O Scale - 1:48
Gauge: 1.25"� (31.8mm)
Marklin, the German toy manufacturer who originated O scale around 1900 chose the 1/48th proportion because it was the scale they used for making doll houses. In O scale 1/4 inch equals 1 foot. Interestingly, O scale was originally called Zero Scale, because it was a step down in size from 1 scale. From the 1920s until after World War II, O scale dominated the model train market. But as model trains became more affordable for the average person, the space required to set up the tracks became a major consideration in purchasing model railroad trains.
HO Scale 1:87.1
Gauge: 0.649"� (16.5mm)
HO has the broadest range of products from the greatest number of manufacturers. In HO scale 3.5mm equals 1 foot. The designation HO stands for "Half O". Of course if it was actually one-half of O scale it would be 1/96th, but because HO is actually a metric based scale and O is based on English units of measure the fractions become awkward. The model railroading industry says HO is "approximately half O".
S Scale - 1:64
Gauge: 0.884"� (22.4mm)
S scale trains were introduced to the model railroad market by A.C. Gilbert as American Flyer products in 1939. In S scale 3/16ths of an inch equals 1 foot. Though very few companies manufacture S scale trains today, the American Flyer brand still exists as Lionel product line.
TT Scale - 1:120
Although invented in America after World War II, this scale is popular in Russia, eastern Germany, and other countries of the former Soviet Union. The use of 1/120th scale is common in engineering diagrams because it allows 1 inch to equal 10 feet. Though TT scale nicely fills the niche between HO and N scale, it hasn't received great acceptance outside of eastern Europe.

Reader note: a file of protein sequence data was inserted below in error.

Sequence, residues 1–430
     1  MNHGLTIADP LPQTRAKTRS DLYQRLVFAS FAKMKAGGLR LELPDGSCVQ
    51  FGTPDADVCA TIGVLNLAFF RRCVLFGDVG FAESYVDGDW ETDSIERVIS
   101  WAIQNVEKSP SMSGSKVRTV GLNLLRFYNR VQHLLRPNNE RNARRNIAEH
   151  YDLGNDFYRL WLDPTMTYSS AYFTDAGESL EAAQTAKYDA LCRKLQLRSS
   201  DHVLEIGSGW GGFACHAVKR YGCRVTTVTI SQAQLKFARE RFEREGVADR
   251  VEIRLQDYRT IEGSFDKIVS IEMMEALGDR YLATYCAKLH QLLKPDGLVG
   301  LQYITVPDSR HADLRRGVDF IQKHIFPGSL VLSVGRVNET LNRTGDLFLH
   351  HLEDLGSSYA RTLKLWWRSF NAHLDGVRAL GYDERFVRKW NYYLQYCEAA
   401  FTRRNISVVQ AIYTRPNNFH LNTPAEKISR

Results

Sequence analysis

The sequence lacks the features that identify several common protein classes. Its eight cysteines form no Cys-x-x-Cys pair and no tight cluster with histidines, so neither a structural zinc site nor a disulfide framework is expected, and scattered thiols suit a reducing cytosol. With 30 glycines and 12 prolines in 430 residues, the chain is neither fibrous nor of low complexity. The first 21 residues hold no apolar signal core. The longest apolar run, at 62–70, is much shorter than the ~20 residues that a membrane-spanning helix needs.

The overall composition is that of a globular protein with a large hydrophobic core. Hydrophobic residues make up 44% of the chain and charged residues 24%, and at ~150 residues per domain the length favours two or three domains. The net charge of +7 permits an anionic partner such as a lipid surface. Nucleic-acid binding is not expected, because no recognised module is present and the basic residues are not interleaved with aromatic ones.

N Scale - 1:160
Gauge: 0.353�" (8.97mm)
The "N" is short for nine millimeter (although the actual gauge is 8.97mm). In N scale 2mm is approximately 1 foot. N scale is the second most popular scale worldwide. Many modelers select N scale as an alternative to HO scale because it allows more complex layouts to be built in the space available to them. Traditional thinking is that N scale trades detail for space. However, modern manufacturing and painting processes are producing N scale models with surprising levels of detail today.
Z Scale - 1:220
Gauge: 0.257"� (6.52mm)
Prior to 2008, Z scale was the smallest commercially available scale in model railroading. Z scale is popular with apartment dwellers and others with very limited layout space. Z scale is awkward mathematically, approximately 0.0545 inches to the foot, but that doesn't hurt its popularity. Z scale is the fastest growing scale in model railroading today. Some Z scale manufacturers offer briefcase layouts; entire track layouts with landscape, buildings, and a power supply all in a briefcase. These are high-end executive toys that sell for around $1,000.
OO Scale - 1:76.2
In OO scale 4mm equals 1 foot. This metric based scale is the most popular scale in the United Kingdom. The British firm Hornby is the largest manufacturer of OO scale trains.
1 Scale (One Scale) - 1:32
Gauge: 1.75"� (45mm)
The numbered designation "1 Scale" dates back to before the turn of the 20th century. Although nearly forgotten after World War II, #1 scale regained some popularity in the UK as far back as the 1960s, and is experiencing a renaissance today in North America. The major model train manufacturer MTH is one of the new sources for modern #1 scale trains in North American prototypes.
T Scale = 1:450
In January of 2008, KK Eishindo Co., Ltd. of Japan introduced T scale. The "T" stands for three millimeters, which is the gauge of the rails. Initial offerings include West Japan Rwy. Co. trains in 4 color schemes and East Japan Rwy. Co. trains in 5 color schemes.